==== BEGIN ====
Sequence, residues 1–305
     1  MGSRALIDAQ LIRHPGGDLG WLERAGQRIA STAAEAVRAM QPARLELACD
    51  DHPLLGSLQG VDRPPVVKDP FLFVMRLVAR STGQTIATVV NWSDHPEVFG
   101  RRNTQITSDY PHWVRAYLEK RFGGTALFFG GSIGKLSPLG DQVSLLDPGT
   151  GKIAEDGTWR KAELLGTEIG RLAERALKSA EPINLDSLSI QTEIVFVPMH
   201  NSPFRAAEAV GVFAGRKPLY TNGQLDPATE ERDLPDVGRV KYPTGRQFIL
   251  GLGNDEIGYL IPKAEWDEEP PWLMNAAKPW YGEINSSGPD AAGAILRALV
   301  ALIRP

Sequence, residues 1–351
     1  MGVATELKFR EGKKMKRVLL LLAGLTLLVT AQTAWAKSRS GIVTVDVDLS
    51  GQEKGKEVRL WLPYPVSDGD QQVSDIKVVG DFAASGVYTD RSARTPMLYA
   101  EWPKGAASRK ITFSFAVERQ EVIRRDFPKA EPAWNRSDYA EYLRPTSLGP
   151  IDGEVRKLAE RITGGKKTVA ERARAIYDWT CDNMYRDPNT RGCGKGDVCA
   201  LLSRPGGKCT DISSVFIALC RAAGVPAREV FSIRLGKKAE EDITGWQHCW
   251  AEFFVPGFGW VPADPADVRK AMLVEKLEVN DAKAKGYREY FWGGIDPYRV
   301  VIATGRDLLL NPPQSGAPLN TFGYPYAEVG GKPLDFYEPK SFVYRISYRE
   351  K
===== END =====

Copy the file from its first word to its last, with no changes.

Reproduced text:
Sequence, residues 1–305
     1  MGSRALIDAQ LIRHPGGDLG WLERAGQRIA STAAEAVRAM QPARLELACD
    51  DHPLLGSLQG VDRPPVVKDP FLFVMRLVAR STGQTIATVV NWSDHPEVFG
   101  RRNTQITSDY PHWVRAYLEK RFGGTALFFG GSIGKLSPLG DQVSLLDPGT
   151  GKIAEDGTWR KAELLGTEIG RLAERALKSA EPINLDSLSI QTEIVFVPMH
   201  NSPFRAAEAV GVFAGRKPLY TNGQLDPATE ERDLPDVGRV KYPTGRQFIL
   251  GLGNDEIGYL IPKAEWDEEP PWLMNAAKPW YGEINSSGPD AAGAILRALV
   301  ALIRP

Sequence, residues 1–351
     1  MGVATELKFR EGKKMKRVLL LLAGLTLLVT AQTAWAKSRS GIVTVDVDLS
    51  GQEKGKEVRL WLPYPVSDGD QQVSDIKVVG DFAASGVYTD RSARTPMLYA
   101  EWPKGAASRK ITFSFAVERQ EVIRRDFPKA EPAWNRSDYA EYLRPTSLGP
   151  IDGEVRKLAE RITGGKKTVA ERARAIYDWT CDNMYRDPNT RGCGKGDVCA
   201  LLSRPGGKCT DISSVFIALC RAAGVPAREV FSIRLGKKAE EDITGWQHCW
   251  AEFFVPGFGW VPADPADVRK AMLVEKLEVN DAKAKGYREY FWGGIDPYRV
   301  VIATGRDLLL NPPQSGAPLN TFGYPYAEVG GKPLDFYEPK SFVYRISYRE
   351  K